Ukraine failing to meet EU conditions for gas loan
07.10.09 @ 09:12
BRUSSELS - There is no risk of a fresh gas supply crisis in the coming winter despite Ukraine's inability to meet the conditions of an EU-brokered loan for its ailing national gas company, a senior Ukrainian official has said.
"Right now, Ukraine is ready to pump gas to European customers. We have enough gas in our underground storage tanks to ensure supplies for the winter of 2009 and 2010," Ukraine's top official in charge of energy security, Bohdan Sokolovsky, told EUobserver in a phone interview on Tuesday (6 October).
"But if the financial situation of Naftogaz does not improve, there could be a problem in 2010 and 2011," he added.
Mr Sokolovsky's remarks come after an EU-led delegation to Kiev last week said international banks will not pay out a €1.2 billion loan designed to prop up the gas company's finances until the country moves forward on agreed reforms.
The EU in July helped put together the financial assistance from the European Bank for Reconstruction and Development, the European Investment Bank and the World Bank.
But European Commission official Hugues Mingarelli in Kiev last Friday told Mr Sokolovsky that the funds will not be released unless Naftogaz first raises domestic consumer prices by 20 percent and takes steps to separate its transit and domestic distribution businesses.
The Ukrainian official blamed the impasse on Ukraine Prime Minister Yulia Tymoshenko's unwillingness to raise prices ahead of her bid in the January 2010 presidential elections.
Ms Tymoshenko needs to put forward a social package to help impoverished consumers shoulder the price hikes in order for Ukrainian courts to approve the 20 percent increase. But the prime minister has refused to do so, he explained.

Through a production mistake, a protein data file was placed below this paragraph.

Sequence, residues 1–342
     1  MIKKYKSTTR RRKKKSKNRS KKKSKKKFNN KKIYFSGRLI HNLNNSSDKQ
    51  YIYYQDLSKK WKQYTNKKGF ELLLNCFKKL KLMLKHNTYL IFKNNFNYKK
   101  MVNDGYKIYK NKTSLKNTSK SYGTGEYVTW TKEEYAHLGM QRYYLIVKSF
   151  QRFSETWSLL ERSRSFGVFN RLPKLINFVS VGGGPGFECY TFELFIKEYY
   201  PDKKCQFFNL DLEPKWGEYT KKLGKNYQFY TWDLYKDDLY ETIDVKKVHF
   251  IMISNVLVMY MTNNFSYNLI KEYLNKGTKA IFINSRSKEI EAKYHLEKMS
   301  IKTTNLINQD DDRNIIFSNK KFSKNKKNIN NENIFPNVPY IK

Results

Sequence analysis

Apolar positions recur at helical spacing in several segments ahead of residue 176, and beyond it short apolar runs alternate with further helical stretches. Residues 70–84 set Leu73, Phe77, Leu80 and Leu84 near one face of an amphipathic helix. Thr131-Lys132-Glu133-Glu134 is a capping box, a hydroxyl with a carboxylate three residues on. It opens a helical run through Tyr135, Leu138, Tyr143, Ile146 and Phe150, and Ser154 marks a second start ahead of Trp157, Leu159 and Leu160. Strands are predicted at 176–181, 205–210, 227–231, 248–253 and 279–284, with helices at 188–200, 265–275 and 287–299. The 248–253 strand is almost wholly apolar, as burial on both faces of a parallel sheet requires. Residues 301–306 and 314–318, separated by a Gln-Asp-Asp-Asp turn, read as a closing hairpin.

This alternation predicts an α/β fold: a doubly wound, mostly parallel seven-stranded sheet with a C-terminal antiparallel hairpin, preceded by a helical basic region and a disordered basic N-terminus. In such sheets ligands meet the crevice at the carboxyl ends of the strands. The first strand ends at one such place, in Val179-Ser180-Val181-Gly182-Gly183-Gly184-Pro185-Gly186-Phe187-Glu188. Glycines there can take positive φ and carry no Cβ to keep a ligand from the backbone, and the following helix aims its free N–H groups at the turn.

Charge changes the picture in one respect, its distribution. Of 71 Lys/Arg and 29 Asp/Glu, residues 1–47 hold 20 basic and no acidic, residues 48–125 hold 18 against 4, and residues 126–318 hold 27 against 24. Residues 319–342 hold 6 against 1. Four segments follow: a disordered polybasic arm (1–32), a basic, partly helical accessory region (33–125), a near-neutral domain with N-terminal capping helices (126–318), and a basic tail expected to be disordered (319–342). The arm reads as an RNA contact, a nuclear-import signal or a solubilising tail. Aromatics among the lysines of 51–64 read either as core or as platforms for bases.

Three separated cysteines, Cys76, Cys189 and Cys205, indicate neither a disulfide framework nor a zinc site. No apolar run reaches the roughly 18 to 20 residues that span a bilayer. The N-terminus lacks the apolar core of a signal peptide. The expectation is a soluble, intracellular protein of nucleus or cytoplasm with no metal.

"These gas price increases would not help her in the elections," said Mr Sokolovsky, a loyalist of Ukrainian President Viktor Yushchenko. "Yulia Tymoshenko is blocking the price reforms."
Naftogaz' perilous financial situation is linked to its "take-or-pay" contract with Russian supplier Gazprom under which the Ukrainian firm has agreed to buy set volumes per month despite a sharp dip in demand due to the economic crisis.
Gazprom chief Alexey Miller at a gas industry congress in Buenos Aires on Tuesday defended take-or-pay deals, saying "this system guarantees the sustainability of gas supply for importers and consumers, and is a crucial element of energy security."
He also said that the Russian firm will start up two pipelines, Nord Stream and South Stream, designed to reduce Ukraine's importance as an EU transit country, in 2011 and 2015, respectively.
Ukraine currently transits 80 percent of Russia's gas shipments to Europe. A Russia-Ukraine gas price dispute last winter caused mass-scale interruptions to EU supplies costing hundreds of millions of euros in unrecoverable economic damage.